While PM Narendra Modi was inaugurating “Vishwanath Dham,” the so-called Kashi Vishwanath Corridor on the debris of the oldest living civilization in the world, residents of a nearby scheduled caste settlement were virtually locked-up in their premises due to a heavy security cover.
Forget the requests and petitions that they had prepared to present to their parliamentary representative Narendra Modi about the injustices meted out to them over the last few months, they were not even allowed to roam freely in the bylanes of their own neighbourhood and were forced to stay back on ghats for more than a couple of hours during which PM Modi stayed there. Vishal, a youth in his twenties, says, “Modi is scared of us. That is why he has kept us out of the premise which he visited.”
The plight of forty Dalit families living near Jalasen Ghat and only next to Manikarnika Ghat in Varanasi is a blot on the development model of Narendra Modi. This is a sordid chapter in the making of Kyoto from Kashi that has gone unheard in the media. This locality, which is predominantly SC and a mix of OBC groups like Mallah, Sahni, etc. bears a single address, CK-10/35. These people are sons of the soil. They do not even remember the exact generation that they started settling in the area. These are the real “ghatias” (people who live on the ghats of Ganga) of Pakka mahal, the local name for the crescent-shaped old Kashi that flourished just on the banks of Ganga. After hundreds of years, ghatias are now facing eviction due to the first phase of the so-called Corridor that is supposed to connect Kashi Vishwanath temple with river Ganga, half a kilometer sloppy stretch. Vishal’s mother says, “We do not know why to go from here and where to go from here.”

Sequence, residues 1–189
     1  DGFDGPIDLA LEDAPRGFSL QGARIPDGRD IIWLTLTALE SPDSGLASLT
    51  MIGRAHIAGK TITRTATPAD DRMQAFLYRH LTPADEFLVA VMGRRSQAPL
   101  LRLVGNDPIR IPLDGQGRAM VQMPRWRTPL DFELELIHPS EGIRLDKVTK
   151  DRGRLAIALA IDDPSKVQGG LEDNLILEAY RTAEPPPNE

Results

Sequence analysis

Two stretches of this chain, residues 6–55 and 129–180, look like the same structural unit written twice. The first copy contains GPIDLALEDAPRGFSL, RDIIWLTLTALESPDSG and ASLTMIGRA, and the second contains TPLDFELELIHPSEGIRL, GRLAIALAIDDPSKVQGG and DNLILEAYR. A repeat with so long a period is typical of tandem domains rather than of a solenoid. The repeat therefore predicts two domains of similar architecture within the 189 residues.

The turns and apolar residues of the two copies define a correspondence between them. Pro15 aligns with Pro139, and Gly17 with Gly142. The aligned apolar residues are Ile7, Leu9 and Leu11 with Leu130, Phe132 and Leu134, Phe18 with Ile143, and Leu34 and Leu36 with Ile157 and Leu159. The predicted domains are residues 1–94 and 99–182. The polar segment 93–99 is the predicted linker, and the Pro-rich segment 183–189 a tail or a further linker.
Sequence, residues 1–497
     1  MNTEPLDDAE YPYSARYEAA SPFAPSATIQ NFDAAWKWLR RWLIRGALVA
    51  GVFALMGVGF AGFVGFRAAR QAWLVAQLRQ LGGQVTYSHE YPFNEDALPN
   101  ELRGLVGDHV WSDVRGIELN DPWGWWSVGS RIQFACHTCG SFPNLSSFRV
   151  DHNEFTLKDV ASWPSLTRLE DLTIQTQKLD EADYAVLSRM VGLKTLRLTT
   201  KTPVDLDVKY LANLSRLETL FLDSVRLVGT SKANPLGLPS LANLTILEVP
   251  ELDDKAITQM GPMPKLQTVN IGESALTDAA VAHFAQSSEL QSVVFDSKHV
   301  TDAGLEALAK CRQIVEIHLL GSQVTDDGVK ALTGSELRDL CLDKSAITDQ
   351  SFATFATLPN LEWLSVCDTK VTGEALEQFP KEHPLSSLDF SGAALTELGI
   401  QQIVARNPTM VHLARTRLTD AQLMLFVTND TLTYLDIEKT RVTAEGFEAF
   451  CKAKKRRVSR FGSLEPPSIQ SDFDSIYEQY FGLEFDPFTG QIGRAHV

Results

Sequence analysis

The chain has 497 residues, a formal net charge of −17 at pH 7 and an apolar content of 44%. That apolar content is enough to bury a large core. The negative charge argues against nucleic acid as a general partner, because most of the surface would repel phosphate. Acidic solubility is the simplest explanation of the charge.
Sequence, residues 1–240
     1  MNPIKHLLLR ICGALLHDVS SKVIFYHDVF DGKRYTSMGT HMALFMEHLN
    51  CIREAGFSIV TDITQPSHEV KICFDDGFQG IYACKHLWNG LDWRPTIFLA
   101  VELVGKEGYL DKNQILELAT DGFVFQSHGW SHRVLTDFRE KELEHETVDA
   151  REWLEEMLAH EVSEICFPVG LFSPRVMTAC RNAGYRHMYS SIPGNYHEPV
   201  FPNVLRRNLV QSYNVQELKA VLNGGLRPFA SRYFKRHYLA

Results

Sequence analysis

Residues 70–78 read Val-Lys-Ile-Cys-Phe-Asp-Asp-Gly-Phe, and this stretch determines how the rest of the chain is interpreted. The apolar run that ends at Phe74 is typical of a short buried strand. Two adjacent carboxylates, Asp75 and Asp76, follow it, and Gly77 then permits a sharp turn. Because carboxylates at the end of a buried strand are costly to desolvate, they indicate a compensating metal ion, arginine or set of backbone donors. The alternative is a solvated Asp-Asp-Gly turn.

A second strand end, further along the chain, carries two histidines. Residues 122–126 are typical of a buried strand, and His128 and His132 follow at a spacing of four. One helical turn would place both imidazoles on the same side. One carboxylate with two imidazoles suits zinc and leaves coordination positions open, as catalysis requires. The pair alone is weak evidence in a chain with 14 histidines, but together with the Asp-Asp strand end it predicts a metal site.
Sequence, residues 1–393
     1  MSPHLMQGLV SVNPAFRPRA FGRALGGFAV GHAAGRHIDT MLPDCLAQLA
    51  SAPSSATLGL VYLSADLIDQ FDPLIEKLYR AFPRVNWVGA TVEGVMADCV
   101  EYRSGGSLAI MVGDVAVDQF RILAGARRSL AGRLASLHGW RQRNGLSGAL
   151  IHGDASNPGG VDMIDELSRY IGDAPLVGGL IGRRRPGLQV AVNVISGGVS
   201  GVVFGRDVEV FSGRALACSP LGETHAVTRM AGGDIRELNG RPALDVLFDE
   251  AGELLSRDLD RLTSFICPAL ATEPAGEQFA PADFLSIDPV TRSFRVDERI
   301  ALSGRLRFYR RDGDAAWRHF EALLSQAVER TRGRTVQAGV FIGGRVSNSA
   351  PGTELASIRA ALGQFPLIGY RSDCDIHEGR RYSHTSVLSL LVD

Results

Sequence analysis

Half of the properties in the proposed project area for the first phase have already been bulldozed. It included 167 residential premises and scores of temples. This writer had reported about the project way back in March 2018 when the establishments were being earmarked for eviction. Just in a matter of 12 months, more than 50 per cent of the area is now a flat football ground. Those who have not given up to the eviction demand or have their compensation amount pending are still staying below this flattened and widened “corridor” in dust and debris. The natural topography of Pakka mahal is such that it takes five-degree accent from Ganga to reach up to city level. The ghatias living just above the river primarily face the threat of being injured by the debris that is left unsettled just above their heads on a slope. But this is not the real threat.
On February 24, people from Mandir Trust and the police reached this settlement and started evicting them. There were only women there at that time and men had gone to work. The women asked the officials to wait for their men to return. They were hell-bent on clearing the area and started breaking the walls of houses with hammers. When the women retaliated, policemen attacked them in which Nityanand, Nirmala, Shashikala and Gudia got badly injured. A local filmed the whole episode on his mobile phone. NH has got the exclusive footage of the police assault.
This is not the only such incident. Many such attempts were made before and after this to threaten, coerce and misguide Dalits so that they leave their old habitat. Series of such events reflect the desperation of Mandir Trust and administration working on the high command orders to complete the corridor before March 8th, when Modi was supposed to inaugurate. Video tapes of eviction status were being sent by the administration to CM Yogi Adityanath on a daily basis and it continues till date.
After Modi left the site, people were back to their neighbourhood. On the debris of bulldozed homes near CK-10/35, three youth were spotted sitting idle. One of them was Vivek, a scheduled caste youth who migrated to Italy ten months ago after marrying an Italian girl. He is back nowadays after having known the danger that lurks on his extended family. Talking to NH, he says, “We are completely disillusioned. These all are my friends. We have been brought up together. We played, worked hard, and together faced whatever came our way. Now we are clueless what to do. Anytime we will be thrown away.”